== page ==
New York Law Outlines Requirements for Collection of Decedents’ Debts
The state law is in line with the Fair Debt Collection Practices Act and Federal Trade Commission policy.
1/9/2019 2:00 PM
A state law outlining legal obligations of debt collectors working with the family of a deceased debtor will take effect in New York on March 29, 2019.
“No debt collection agencies shall make any representation that surviving family and household members are required to pay the outstanding debts of a deceased family member,” according to the bill passed in the state’s 2017/18 session.
The New York State Collectors Association tracked and worked on more than 100 bills during the legislative session, including the law on decedents’ debts.
According to the New York State Senate’s website, the legislation stemmed from investigations into collection from relatives of deceased debtors that may violate the Fair Debt Collection Practices Act, which “prevents collection companies from contacting anyone other than the debtor about outstanding bills.”
According to the bill text, S3491A:
- Requires disclosure by principal creditors and debt collection agencies of the legal obligations of a deceased debtor's family and household members.
- Amends the general business law by requiring that no principal creditors and/or debt collection agencies shall make any representation that a person is required to pay the debt of a family member in a way that contravenes with the FDCPA.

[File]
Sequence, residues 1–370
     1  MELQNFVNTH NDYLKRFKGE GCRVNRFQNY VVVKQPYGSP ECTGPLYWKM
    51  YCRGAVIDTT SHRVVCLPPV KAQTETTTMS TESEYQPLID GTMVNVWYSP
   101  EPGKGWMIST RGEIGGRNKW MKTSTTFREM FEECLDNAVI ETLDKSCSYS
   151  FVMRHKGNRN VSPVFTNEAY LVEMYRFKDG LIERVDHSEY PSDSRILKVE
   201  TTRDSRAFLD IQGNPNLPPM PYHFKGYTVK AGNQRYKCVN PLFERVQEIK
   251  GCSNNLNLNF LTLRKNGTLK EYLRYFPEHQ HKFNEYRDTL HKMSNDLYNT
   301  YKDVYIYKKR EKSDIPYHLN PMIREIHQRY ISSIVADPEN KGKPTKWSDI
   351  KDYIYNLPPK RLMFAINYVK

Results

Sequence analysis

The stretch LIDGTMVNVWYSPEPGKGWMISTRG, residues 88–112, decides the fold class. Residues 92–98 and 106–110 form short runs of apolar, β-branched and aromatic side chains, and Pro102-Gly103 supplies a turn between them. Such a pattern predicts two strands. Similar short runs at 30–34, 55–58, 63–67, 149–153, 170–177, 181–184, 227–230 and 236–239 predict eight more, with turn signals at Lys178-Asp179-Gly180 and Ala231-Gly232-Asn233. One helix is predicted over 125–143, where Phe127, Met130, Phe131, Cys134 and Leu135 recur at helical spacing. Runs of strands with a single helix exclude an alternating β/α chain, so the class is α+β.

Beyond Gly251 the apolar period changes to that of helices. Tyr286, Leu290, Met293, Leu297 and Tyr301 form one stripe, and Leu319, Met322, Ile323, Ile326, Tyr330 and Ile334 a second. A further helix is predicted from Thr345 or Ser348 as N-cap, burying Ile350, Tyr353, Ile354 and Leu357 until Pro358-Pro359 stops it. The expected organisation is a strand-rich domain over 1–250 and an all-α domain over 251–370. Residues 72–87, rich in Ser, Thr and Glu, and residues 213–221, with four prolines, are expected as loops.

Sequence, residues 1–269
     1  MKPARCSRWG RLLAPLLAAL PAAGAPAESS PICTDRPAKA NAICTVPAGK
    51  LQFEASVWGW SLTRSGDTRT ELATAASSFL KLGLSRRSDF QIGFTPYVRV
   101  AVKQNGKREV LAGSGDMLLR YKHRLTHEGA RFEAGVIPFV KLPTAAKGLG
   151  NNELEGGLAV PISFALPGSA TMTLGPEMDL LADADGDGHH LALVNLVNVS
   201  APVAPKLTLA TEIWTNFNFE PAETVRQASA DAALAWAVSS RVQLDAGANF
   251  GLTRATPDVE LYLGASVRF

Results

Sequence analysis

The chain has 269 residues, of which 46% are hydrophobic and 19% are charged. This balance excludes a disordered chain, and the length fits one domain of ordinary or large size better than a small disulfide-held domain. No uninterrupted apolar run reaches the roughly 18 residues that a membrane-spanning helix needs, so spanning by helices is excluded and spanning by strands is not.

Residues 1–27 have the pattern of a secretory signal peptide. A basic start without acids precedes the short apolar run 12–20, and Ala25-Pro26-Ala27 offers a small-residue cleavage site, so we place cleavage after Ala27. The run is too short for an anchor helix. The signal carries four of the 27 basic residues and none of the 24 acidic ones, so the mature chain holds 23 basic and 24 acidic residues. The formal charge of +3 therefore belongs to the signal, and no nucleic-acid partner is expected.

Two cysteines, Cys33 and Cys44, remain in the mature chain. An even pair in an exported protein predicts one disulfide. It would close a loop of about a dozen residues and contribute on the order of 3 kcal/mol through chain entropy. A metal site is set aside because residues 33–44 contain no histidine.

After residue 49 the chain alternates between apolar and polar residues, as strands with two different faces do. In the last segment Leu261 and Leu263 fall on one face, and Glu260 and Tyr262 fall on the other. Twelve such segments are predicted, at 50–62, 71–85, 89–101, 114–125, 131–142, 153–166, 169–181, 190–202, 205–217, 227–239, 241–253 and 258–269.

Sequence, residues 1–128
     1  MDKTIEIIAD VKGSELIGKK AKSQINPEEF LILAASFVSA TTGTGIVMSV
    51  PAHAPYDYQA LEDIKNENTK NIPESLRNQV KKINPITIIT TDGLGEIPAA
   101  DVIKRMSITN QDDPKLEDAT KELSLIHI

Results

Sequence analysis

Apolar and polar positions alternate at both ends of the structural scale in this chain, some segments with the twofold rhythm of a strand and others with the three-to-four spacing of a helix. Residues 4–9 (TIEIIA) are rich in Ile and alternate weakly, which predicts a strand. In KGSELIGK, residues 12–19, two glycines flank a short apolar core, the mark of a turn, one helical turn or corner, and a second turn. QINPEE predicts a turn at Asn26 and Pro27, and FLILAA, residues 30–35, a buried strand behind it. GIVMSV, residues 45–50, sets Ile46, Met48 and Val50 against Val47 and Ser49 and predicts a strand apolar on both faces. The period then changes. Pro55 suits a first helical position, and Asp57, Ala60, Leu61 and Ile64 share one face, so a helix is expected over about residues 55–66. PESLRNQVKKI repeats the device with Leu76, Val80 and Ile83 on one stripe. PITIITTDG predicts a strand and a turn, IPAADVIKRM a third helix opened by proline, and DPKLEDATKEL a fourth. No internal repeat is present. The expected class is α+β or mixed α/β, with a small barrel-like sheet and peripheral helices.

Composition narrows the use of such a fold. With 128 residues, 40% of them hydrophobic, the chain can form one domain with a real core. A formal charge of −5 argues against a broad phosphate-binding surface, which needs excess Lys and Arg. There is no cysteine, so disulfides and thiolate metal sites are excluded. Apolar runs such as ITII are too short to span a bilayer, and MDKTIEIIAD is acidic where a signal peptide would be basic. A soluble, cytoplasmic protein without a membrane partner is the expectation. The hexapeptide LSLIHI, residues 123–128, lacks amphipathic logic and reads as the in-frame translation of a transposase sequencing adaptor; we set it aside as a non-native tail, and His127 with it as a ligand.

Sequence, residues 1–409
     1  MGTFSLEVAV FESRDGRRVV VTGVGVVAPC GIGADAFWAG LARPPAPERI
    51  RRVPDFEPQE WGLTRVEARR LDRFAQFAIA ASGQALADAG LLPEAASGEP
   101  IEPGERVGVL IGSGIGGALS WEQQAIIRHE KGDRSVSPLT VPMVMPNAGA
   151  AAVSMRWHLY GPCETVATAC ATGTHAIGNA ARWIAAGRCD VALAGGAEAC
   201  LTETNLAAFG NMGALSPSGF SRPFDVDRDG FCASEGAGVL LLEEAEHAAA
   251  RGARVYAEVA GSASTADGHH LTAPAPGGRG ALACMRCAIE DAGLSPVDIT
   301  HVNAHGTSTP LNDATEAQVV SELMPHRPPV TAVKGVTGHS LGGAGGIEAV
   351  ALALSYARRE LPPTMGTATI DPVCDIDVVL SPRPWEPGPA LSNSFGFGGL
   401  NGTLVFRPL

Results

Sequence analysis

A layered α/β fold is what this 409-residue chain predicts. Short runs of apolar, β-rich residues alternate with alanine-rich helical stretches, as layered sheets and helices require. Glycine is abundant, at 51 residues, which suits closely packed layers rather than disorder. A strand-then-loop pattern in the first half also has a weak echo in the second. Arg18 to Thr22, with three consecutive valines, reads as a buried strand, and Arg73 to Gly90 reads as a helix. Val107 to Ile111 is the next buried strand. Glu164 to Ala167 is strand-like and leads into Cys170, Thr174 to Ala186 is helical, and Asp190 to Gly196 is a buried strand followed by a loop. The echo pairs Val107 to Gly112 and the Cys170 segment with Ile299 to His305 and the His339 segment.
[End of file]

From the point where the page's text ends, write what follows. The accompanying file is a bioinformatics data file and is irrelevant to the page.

- In addition, the principal creditors and/or debt collection agencies shall not make any misrepresentation about the family member's obligation to pay such debts.
Eric Rosenkoetter, principal at ACA International member company Maurice Wutscher in Austin, Texas, said there were some changes on notices required in the bill before the final version passed in December 2018.
“The original version of the bill would have required both written and oral notices be given to the relatives and household members of a deceased debtor stating they ‘may not be legally required to repay deceased debtor’s debts,’” Rosenkoetter writes in a blog post on the firm’s website. “The original version would also have allowed any aggrieved person to seek injunctive relief, a civil penalty of $5,000 per violation and attorney’s fees. Those provisions were not enacted.”
The law in New York is also consistent with the Federal Trade Commission’s policy. ACA International members may find more information on the policy and communicating with family members of a decedent through ACA SearchPoint: “FTC Final Policy Statement Regarding Collection of Decedents’ Debts.”
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